Über die Strecke

Autodromo Internazionale del Mugello

Mugello ist eine der modernsten Rennstrecken mit hochwertigen Standards. Die Strecke liegt 30 Kilometer nordöstlich von Florenz entfernt in der wunderschönen Toskana. Im Jahr 1988 wurde die 5,245 Kilometer lange Strecke von Ferrari zurück gekauft, nach den höchsten Standards überarbeitet und erfährt nun wachsende Reputation als eine der aktuellsten, szenigsten und sichersten Circuits der Welt. Eine Mischung aus langsamen und schnellen Turns mit ausgedehnten Kurven, langen Geraden und gewölbten Ecken macht Mugello zu einer der forderndsten Strecken für Fahrer und Maschine. Nachdem der MotoGP 1976 dort erstmalig stattfand, ist die Rennstrecke nach einer umfangreichen Renovierung 1991 heute stetiger Austragungsort. Mugello, gelegen inmitten in einem von Bäumen umringten Tal in der Toskana, bietet den motorsportbegeisterten Italienern eine gute Sicht auf das Renngeschehen.
Gran Premio d’Italia Brembo Track

Strecke nach Kategorie

Kategorie Runden Gesamtdistanz Ende im Falle einer roten Flagge
MotoGP™ 23 120,64 Km / 74,96 Miles 17
Moto2™ 19 99,66 Km / 61,92 Miles 14
Moto3™ 17 89,17 Km / 55,4 Miles 13
MotoE™ 7 36,72 Km / 22,81 Miles 5


  • Gesamtlänge

    5,25Km / 3,26 Miles

  • Streckenbreite

    14m / 45,93ft

  • Längste Gerade

    1.141m / 3743.44ft

  • Rechtskurven


  • Linkskurven


The first time that Mugello hosted a Grand Prix event was in the year 1976, and the layout of the stunning Tuscan circuit, which undulates naturally within a beautiful tree lined valley, has remained practically the same ever since.

Mugello, Italy

The track was purchased by Ferrari in 1988 and renovated to their high standards shortly after - with excellent facilities and world class safety features. It became a permanent MotoGP™ venue from 1991 onwards Italy’s love affair with bike racing is long and enduring. Manufacturers such as Mondial, Moto Guzzi, Gilera, MV Agusta, Morbidelli, Garelli, Cagiva and now Aprilia and Ducati all playing a role, in addition to great riders such as Giacomo Agostini and Valentino Rossi.

Why we love Italy and Tuscany

Fascinating cities, stunning mountains and lakes, breathtaking coastline, great weather, excellent wine, amazing cuisine, thousands of years of history and classic architecture… What more could you want from a holiday destination? Italy’s capital city Rome was once the centre of an entire empire, and millions of tourists annually visit each year to see the Roman Forum and the Colosseum, in addition to St. Peter’s Basilica, the Vatican Museums, Michelangelo’s Sistine Chapel and the Trevi fountain. The north of Italy boasts beautiful mountains in regions bordering Austria, France and Switzerland and the large northern cities - Turin, Milan, Genoa, Bologna – are the economic and post-industrial powerhouses of the nation. Meanwhile the south of Italy has its contrasting and rustic charm, with miles of unspoiled beaches and its own interesting cities such as Naples and Palermo. Mugello is located in the picturesque Tuscan region in central Italy, just north of Rome, and just a short drive from Florence - the cultural and historical hotspot. Pisa and Siena are also in Tuscany, and the locals in both cities would argue that their city is just as beautiful, if not more beautiful, than Florence.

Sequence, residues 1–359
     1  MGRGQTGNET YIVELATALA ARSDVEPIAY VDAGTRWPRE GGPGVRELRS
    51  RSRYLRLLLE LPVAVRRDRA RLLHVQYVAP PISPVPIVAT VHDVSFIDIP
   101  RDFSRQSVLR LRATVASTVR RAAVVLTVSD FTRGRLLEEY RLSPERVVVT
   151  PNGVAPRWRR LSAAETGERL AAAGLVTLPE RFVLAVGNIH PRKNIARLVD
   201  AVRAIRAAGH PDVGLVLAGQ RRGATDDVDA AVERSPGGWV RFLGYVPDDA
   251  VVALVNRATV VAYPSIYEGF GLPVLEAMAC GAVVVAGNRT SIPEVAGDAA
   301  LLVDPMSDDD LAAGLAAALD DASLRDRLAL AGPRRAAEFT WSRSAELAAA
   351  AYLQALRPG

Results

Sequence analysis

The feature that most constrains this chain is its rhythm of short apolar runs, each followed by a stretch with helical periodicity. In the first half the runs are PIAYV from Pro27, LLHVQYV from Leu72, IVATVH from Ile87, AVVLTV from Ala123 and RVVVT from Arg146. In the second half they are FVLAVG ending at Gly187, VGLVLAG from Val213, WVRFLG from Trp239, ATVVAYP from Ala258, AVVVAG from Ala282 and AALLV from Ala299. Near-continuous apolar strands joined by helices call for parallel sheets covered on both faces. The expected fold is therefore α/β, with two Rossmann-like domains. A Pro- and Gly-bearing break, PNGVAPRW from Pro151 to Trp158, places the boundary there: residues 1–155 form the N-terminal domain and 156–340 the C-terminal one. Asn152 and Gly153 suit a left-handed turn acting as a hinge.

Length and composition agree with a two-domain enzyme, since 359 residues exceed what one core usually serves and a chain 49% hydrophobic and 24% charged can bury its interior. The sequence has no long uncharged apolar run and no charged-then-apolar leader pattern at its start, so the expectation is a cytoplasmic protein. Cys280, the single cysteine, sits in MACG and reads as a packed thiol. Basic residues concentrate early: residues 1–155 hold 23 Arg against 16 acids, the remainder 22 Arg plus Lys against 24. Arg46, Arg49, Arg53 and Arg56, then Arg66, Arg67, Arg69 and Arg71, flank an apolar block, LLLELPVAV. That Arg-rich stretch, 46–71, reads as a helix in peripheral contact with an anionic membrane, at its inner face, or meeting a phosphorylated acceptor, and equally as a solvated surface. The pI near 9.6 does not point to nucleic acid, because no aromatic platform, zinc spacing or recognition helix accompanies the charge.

Finding the right acommodation

Tuscany is a popular region for holiday makers and offers a range of accommodation in terms of style and budget. From luxury hotels, to rented villas and apartments, entire farmhouses, to campsites and cheaper hotels, there is something for everyone in this beautiful area. Many hotels and guesthouses can be found dotted around the hills and valleys surrounding the town of Borgo San Lorenzo, whilst the fine local climate means camping is not uncomfortable. If you are unable to find what you want in the countryside look at the options in nearby Florence, where there are numerous hotels, guesthouses and rental apartments to select from.

Exploring Mugello and Tuscany

Planning a tour out into the Tuscan countryside on foot, by bicycle, motorbike or car is well worth the effort. There are hundreds of routes to choose from throughout the region, which will guide you to quaint little towns, vineyards, woodlands, hilltops and valley streams. Cities such as Florence, Siena, San Gimignano, Pisa and Lucca are all worth taking a day or more to discover and some of Italy’s finest architectural, cultural and historical sights are there to be discovered. Florence is the capital city of the Tuscan region, is considered the birthplace of the Renaissance. Its historic city centre has been a UNESCO World Heritage Site since 1982.

Tips for visiting Mugello and Tuscany

Spring or autumn are good times of the year to be in Tuscany, as the weather is warm and pleasant but not stifling like it can be in the peak season of mid-summer. It also means you avoid the bigger crowds of tourists who arrive in late July and throughout August. When it comes to driving try to avoid rush hour driving as you head in and out of the bigger cities such as Florence and Siena. Plan your trips out into the countryside logically and thoroughly as not all businesses take credit cards, not every little town has a cash machine (ATM) and keep in mind that more rural restaurants may have more restricted dining hours than big city places. If you want to sample some of the delicious local produce try the Chianti Classico or Brunello di Montalcino wine, be sure to get extra-virgin Italian olive oil and give the local pecorino cheeses and cured meats like the salame toscano a go.


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